Computer Science (COMP) 325

Unix Operating System - Principles and Administration (Revision 2)

COMP 315 Course website

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Delivery Mode: Individualized study online with eTextbook)

Credits: 3

Area of Study: Science

Prerequisite: COMP 268 or equivalent

Precluded courses: COMP 325 may not be taken for credit if credit has already been obtained for COMP 315 or COMP 374.

Faculty: Faculty of Science and Technology

Centre: School of Computing and Information Systems

COMP 325 is not available for challenge.

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**Note: Students who are concerned about not meeting the prerequisites for this course are encouraged to contact the course coordinator before registering


This course concentrates on the aspects of UNIX that are most needed by a program developer or UNIX programmer: the theory of the UNIX operating system as it informs the system administration. Students are required to install any UNIX /Linux of their choice on their personal computers.

Learning Outcomes

  • Install a Linux Operating System on a partition on your computer, or on a dedicated hardware.
  • Learn thoroughly the process of booting and shutting down.
  • Review UNIX Operating System concepts.
  • Practice using utilities, such as, awk, yacc, pine, elm, and others.
  • Learn Unix file system and security from administrator's point of view.
  • Learn to backup the file systems using different utilities.
  • Practice the use of regular expressions.
  • Learn to write Unix shell scripts.
  • Review Unix GUI basics.
  • Learn the privileges of the super user.
  • Learn Unix daemons and user processes and how to control them.
  • Manage user accounts.
  • Install and activate external devices, such as printers and disks.
  • Plan and activate periodic processes.
  • Learn how to read Unix uptime history and resolve problems.
  • Learn about Unix drivers and kernel properties.
  • Learn to install and manage networks using Unix system.
  • Manage user electronic mail system.


Part I: User's View

  • Unit 1: UNIX Shell
  • Unit 2: File Security
  • Unit 3: Basic Shell Programming

Part II: System Administrator's View

  • Unit 1: Processes
  • Unit 2: The Network Models
  • Unit 3: Useful utilities and Files
  • Unit 4: File System Backup


To receive credit for COMP 325, you must achieve a course composite grade of at least ā€œDā€ (50 percent), an average grade of 50 percent on all Assignments, and at least 50 percent on the final examination. The weighting of the composite grade is as follows:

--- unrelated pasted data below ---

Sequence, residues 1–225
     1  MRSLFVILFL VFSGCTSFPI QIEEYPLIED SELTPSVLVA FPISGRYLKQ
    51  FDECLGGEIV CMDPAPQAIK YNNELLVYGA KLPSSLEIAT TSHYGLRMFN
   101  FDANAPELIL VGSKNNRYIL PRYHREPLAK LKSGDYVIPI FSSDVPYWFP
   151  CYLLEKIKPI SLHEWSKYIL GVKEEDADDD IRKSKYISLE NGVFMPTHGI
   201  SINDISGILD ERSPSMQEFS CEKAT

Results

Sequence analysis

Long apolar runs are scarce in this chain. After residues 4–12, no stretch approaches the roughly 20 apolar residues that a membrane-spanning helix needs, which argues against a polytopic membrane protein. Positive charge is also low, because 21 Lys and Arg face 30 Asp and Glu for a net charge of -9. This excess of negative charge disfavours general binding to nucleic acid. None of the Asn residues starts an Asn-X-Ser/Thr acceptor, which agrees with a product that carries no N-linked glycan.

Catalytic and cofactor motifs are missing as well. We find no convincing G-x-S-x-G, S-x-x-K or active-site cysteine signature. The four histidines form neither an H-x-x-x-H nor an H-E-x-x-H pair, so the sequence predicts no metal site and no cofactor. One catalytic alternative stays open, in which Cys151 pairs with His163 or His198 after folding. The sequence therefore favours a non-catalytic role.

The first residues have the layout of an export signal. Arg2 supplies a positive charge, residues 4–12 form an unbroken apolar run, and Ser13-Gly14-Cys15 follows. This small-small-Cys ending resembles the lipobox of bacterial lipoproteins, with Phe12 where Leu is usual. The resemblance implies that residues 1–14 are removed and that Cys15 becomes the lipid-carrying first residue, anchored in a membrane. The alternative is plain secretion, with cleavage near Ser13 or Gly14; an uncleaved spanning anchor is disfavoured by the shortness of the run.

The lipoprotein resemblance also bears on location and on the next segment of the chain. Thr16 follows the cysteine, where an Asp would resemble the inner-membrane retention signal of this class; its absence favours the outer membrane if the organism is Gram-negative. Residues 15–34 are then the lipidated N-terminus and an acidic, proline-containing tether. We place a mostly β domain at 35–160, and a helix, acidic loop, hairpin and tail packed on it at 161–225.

Assignment 1 General UNIX Utilities Assignment 2 Programming Activities Assignment 3 System Administration Final Total
15% 15% 15% 55% 100%

The final examination for this course must be taken online with an AU approved exam invigilator at an approved invigilation centre. It is your responsibility to ensure your chosen invigilation centre can accommodate online exams. For a list of invigilators that can accommodate online exams, visit the Exam Invigilation Network.

To learn more about assignments and examinations, please refer to Athabasca University's online Calendar.

Course Materials


Registration in this course includes an electronic textbook. For more information on electronic textbooks, please refer to our eText Initiative site.

Sarwar, S. M., Koretsky, R., & Sarwar, S. A. (2005). Unix: The Textbook (2nd ed.). Boston, MA: Addison Wesley.

A print version of the eText can be purchased from the publisher through a direct-to-student link provided in the course website; you can also acquire the textbook on your own if you wish.

Special Instructional Features

COMP 325 is offered through Moodle, a Learning Management System that can be accessed through the Web and Athabasca Landing, a web-based social networking environment. COMP 325 can be completed at the student's home, using a dedicated system or disk partition. COMP 325 is an elective course in all undergraduate programs offered by the School of Computing and Information Systems.

Athabasca University reserves the right to amend course outlines occasionally and without notice. Courses offered by other delivery methods may vary from their individualized-study counterparts.

Opened in Revision 2, December 6, 2013.

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Updated May 10 2016 by Student & Academic Services